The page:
Secretary of State John Kerry met with Russian Foreign Minister Sergey Lavroy on Wednesday working at resolving issues over who is eligible to attend U.N. peace talks for Syria scheduled to begin next week. The issues at hand have threatened to delay the start of the negotiations. The State Department said the two men had discussed plans for the negotiations that the U.N. special envoy for Syria. Peace talks between the Syrian government and many rebel and opposition groups are to start Monday in Geneva.
But the specter of a delay looms because the countries organizing the talks have not agreed on which groups constitute the legitimate Syrian opposition and which should be designated terrorist outfits. Those labeled terrorist would be banned from the talks and be exempt from a cease-fire. Kerry has been pushing for the talks to start soon to maintain momentum. The negotiations are meant to usher in a political transition for Syria that culminates in the formation of a new government within 18 months.
The United States hopes to secure a guarantee that Syrian President Bashar al-Assad will cede power, as U.S. forces look to focus on combating the Islamic State militant group, which controls vast territory in Syria and Iraq. It was not immediately clear if the differences had been resolved. Lavroy said that the U.S. and Russia have had no thoughts about changing the start of the talks from January to February.
The political process will begin, we hope, in the nearest future, during January. Various dates have been named, but the final decision will be taken by the Secretary-General of the United Nations on the advice and recommendations of his special envoy Staffan de Mistura.”
Kerry also called for Russia to use its influence with Syrian President Bashar Assad “to ensure immediate, unimpeded and sustained humanitarian access to all Syrians in need,” State Department spokesman John Kirby said, particularly in besieged communities like Madaya, where deaths from starvation have been reported. Negotiations between the Assad regime and the opposition are to be the first step in a proposed 18-month political transition for Syria.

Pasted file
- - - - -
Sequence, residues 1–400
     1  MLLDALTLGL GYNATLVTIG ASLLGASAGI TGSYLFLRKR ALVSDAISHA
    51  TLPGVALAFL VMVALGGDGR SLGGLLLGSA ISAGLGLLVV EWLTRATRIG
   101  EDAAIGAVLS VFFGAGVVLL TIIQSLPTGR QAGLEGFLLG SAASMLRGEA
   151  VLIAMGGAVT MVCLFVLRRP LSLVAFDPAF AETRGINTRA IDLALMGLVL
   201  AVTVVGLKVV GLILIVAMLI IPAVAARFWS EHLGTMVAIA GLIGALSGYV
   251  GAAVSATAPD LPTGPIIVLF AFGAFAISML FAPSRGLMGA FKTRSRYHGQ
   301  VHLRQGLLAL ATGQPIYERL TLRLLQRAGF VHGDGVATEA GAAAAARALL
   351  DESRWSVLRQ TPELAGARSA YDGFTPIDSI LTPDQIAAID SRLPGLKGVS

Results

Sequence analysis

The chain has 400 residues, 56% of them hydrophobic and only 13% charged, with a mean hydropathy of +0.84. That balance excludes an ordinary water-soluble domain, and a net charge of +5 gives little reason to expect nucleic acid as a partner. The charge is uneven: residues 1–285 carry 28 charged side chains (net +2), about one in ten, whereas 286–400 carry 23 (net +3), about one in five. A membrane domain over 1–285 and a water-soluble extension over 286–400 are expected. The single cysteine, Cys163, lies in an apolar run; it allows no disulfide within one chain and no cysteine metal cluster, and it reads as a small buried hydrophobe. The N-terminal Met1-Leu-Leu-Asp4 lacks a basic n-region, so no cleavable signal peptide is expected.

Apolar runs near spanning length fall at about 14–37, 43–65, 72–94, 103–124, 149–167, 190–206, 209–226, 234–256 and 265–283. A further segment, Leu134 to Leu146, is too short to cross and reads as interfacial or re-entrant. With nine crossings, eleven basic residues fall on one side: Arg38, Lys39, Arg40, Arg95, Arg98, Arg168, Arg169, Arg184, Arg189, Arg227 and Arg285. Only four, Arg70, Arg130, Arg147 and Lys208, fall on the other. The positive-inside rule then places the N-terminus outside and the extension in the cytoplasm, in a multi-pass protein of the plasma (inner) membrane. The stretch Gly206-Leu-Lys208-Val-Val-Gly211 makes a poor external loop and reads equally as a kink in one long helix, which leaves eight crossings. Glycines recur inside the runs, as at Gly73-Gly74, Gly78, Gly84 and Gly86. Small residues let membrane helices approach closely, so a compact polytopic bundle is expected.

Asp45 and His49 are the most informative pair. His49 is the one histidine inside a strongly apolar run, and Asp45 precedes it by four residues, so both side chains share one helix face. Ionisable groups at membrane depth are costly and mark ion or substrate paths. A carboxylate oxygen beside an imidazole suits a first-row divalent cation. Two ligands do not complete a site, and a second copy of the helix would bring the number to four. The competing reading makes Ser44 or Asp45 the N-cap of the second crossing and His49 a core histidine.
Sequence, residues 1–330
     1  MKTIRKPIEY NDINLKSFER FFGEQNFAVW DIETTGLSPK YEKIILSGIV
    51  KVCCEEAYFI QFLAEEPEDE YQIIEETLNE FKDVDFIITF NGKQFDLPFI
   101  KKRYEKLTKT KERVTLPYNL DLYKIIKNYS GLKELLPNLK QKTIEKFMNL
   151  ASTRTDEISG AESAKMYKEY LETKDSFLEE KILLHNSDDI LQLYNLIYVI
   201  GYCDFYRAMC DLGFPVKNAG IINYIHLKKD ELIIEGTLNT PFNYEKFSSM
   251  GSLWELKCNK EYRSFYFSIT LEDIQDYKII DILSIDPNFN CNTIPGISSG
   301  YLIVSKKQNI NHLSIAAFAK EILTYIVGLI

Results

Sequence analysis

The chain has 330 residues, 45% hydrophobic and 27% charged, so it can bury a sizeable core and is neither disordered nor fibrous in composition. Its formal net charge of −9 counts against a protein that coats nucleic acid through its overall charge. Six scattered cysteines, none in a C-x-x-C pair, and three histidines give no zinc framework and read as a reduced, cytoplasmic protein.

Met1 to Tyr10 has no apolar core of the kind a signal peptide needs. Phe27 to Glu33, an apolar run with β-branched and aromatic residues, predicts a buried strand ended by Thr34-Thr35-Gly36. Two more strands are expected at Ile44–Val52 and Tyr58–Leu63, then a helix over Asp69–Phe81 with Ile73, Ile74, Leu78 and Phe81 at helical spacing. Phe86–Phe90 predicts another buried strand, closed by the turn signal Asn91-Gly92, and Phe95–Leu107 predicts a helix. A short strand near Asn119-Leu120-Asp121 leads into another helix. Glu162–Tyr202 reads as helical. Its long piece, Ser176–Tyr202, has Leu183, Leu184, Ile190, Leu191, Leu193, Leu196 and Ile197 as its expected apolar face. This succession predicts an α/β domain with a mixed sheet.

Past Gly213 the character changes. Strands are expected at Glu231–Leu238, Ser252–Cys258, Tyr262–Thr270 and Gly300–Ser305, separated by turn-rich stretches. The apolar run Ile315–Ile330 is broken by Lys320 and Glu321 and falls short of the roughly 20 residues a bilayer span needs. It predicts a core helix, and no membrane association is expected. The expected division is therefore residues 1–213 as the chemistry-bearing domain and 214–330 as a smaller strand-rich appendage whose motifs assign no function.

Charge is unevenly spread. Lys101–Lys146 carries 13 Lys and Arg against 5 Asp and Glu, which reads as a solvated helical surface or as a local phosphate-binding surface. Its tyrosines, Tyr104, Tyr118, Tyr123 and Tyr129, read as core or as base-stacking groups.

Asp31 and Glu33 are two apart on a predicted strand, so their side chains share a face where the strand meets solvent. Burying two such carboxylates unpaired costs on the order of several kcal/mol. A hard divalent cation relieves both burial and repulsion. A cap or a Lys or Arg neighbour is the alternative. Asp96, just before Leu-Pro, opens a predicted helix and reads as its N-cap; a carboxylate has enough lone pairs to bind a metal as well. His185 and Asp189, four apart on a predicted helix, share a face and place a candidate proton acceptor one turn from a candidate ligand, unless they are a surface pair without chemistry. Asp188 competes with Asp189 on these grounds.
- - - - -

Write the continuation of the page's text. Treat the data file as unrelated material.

Russia and Iran, which back Assad, have immense differences with Saudi Arabia, other Arab states, the United States and Europe over which opposition groups should be considered terrorists and therefore excluded from an 18-month political transition process the U.N. has endorsed.
State Department spokesman John Kirby said Kerry, in his meeting with Lavrov, urged Russia to use its influence with Assad to allow aid workers to deliver food and medicine to civilians trapped by the conflict. Aid workers have not been able to reach stricken areas as a humanitarian crisis spawned by the war continues to spread.
About 400,000 Syrians are trapped in besieged towns, according to estimates from the United Nations, and starvation deaths have been reported in the town of Madaya. The United Nations has accused the Assad government of blocking aid to people living in rebel-held areas. U.N. Secretary General Ban Ki-moon told reporters in Davos that the need for peace talks is urgent.